I try not to stare at Jeeva and his BSA on the railway tracks at Maki Station, as the two freefall over the gravel slope in front of our gate.
Jeeva has eyes in his feet, I know, but I cannot watch this. He grins in my direction, the last rays of another sun settle across his eye bones, and for a moment, there he is, a lighthouse, the light spilling off him.
‘B,’ his BSA bicycle, lounges against the white wall, glistening bright red. I helped him paint it six weeks ago. My friendly neighbor ‘lighthouse’ scans the wheels, spoke, and chain with two sets of rags: one that’s wet and another for dust. He knows I’m here; I can tell he’s self-conscious because his left jaw muscle moves nervously.
We met exactly a year ago when he moved in. What a noise that was, with six metal trunks labeled in Braille and not enough parking space for his ‘B!’ It took a while for us all to recognize that instead of a guide dog guide or a long cane, our new neighbor walked along with his blood-red-cautionary bicycle mate. Genius.
A few weeks ago, he touched my face. When a blind person feels your face, it isn’t necessarily a romantic gesture. They want to know how you smile, and whether they can trust you the same way they trust their B’s bell at traffic lights and crossings.
I took it personally. I’m mid-thirtyish, a graduate from India’s best arts college in Bangalore city. Jeeva is 40, maybe 45? I’m unsure. He’s of my Pa’s generation, though.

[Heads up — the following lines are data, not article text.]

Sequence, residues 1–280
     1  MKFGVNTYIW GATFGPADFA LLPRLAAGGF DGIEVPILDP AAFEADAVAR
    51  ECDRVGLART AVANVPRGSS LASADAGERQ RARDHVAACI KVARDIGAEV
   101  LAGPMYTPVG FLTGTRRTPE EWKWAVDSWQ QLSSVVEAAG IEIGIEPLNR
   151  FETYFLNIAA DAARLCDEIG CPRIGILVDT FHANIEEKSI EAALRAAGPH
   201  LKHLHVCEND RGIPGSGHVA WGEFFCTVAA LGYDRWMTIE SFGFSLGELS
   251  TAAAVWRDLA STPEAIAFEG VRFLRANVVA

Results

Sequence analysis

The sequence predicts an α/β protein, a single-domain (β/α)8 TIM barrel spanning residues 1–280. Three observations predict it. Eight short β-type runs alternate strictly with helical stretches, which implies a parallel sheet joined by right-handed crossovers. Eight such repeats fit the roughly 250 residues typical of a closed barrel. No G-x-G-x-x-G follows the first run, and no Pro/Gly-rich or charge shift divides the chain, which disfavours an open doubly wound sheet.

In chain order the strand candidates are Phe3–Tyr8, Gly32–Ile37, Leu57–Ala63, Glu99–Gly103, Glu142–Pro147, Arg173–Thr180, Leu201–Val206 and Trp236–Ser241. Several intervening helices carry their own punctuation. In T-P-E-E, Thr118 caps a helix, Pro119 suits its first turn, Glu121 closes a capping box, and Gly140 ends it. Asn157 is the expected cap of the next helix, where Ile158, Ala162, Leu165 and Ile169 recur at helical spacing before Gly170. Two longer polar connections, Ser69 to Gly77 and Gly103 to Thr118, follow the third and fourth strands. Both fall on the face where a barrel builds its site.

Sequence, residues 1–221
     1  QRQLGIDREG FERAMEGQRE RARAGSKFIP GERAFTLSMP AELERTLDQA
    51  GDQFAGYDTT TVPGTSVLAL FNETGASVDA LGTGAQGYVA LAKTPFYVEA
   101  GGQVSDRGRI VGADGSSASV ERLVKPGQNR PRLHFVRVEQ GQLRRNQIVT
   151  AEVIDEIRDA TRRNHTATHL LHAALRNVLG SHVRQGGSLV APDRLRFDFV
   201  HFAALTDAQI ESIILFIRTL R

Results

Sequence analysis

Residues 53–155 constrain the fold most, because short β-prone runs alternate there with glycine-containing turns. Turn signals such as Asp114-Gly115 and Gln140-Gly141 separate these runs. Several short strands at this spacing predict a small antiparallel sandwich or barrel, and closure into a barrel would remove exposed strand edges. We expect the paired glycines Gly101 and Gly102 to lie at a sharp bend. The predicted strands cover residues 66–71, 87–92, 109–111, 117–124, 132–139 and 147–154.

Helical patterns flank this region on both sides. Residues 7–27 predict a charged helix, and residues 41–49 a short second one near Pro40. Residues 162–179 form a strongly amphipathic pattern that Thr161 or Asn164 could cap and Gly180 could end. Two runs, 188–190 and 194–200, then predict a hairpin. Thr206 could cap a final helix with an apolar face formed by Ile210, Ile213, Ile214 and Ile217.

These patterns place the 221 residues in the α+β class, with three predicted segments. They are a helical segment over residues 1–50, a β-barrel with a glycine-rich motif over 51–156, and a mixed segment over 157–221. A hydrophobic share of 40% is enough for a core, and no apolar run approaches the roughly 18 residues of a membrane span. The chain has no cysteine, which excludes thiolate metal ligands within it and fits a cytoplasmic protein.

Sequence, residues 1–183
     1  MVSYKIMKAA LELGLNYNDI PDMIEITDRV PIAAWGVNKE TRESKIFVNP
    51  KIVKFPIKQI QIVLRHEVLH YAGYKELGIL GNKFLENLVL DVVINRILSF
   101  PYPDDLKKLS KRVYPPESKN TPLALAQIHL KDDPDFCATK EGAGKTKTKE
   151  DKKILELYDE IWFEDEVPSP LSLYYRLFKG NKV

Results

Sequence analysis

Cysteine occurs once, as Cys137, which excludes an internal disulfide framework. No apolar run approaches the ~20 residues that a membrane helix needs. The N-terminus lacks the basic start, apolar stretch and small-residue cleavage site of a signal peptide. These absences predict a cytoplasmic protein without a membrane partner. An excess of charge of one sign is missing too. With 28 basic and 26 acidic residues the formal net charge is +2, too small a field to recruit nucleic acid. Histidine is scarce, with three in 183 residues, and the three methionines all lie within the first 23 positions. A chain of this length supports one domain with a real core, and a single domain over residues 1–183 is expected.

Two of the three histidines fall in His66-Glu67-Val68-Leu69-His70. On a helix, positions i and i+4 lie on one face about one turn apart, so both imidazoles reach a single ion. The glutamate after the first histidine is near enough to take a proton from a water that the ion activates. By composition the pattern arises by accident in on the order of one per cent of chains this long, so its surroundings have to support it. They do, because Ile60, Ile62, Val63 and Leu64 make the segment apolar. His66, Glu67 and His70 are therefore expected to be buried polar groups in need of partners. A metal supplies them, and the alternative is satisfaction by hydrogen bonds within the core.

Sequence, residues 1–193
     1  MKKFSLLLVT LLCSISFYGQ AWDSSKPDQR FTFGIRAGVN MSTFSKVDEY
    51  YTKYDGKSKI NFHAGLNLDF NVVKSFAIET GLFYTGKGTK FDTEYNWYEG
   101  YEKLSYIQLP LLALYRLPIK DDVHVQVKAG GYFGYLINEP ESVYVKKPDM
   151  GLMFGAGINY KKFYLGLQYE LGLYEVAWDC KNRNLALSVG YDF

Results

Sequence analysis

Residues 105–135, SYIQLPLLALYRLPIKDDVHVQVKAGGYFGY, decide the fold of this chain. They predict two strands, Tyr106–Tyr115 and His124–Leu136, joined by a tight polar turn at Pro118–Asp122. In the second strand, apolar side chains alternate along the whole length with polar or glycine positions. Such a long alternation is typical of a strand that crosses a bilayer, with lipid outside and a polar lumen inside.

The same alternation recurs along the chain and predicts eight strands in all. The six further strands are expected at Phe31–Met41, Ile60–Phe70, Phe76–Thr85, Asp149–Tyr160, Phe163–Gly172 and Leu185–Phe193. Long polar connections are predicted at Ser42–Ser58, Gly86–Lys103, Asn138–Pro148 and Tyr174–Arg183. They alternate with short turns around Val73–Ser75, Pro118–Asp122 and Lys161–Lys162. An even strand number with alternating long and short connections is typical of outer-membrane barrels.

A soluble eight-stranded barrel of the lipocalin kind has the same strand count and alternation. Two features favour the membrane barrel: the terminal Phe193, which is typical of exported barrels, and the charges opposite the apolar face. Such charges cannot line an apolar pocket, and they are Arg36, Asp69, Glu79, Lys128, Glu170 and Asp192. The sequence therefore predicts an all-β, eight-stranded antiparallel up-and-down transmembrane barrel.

Speaking of which, Pa owned a three-speed Phillip’s gearbox fitted into a Raleigh, which he rode like a teenager at 70. “Keeps me young,” he said, that rush of the wind in his ears. He was a cross between a true-blooded South Indian and a male Mary Poppins.
Pa brought home kittens in that carrier basket, kicking live lobsters, and even a drake and ducklings that had lost their partner and mother in a storm. Once, we rode with Pa down Jasmine hill to the steep turn where we fell into sheep. Another time, we fell in horse dung, sliding us neatly past Mr. McFarlane’s villa, Pa’s Raleigh cycle following in tandem.
Ach! The look in McFarlane’s face as he watched over his wall, mouth hung in the despair of delight. That Christmas, they invited us over, and Mrs. M.’s eyes twinkled with contained secrets. It was their last month before they went back to Perth, and the last thing he said to us was, “Oi, you girls, and Dad do a neat spin now and then, don’t ya? What were you doin’ all four of you in the seat of your pants down Jasmine hill, eh?!”
Mai, my mother, pretended like she never heard a word.
“How’s it going?” Jeeva asked.
“How’s what going?” I didn’t know what to say. Would he know I have shoulder-length hair, my 5’ 4″ frame was curled like a cane divan? Or, that my prosthetics still hurt? That I’ve been in ‘lockdown’ 24 hours a day since a car accident took my feet, and my parents? That my sisters are a teacher and a doctor, and I’m an artist with oils? That last detail, he knows, since we are colleagues at APH.
The evening Pa taught me to ride, I thought he was holding onto the rear of my bicycle, but he’d let go as I rode along the trail running parallel to the sea. I took a steep curve back down. I thought he was yelling behind me, but his voice was carried along with the sea winds, and my heart went like horses. “Keep going, Ray,” he yelled. His voice returns now, and again when I forget, I cannot fly.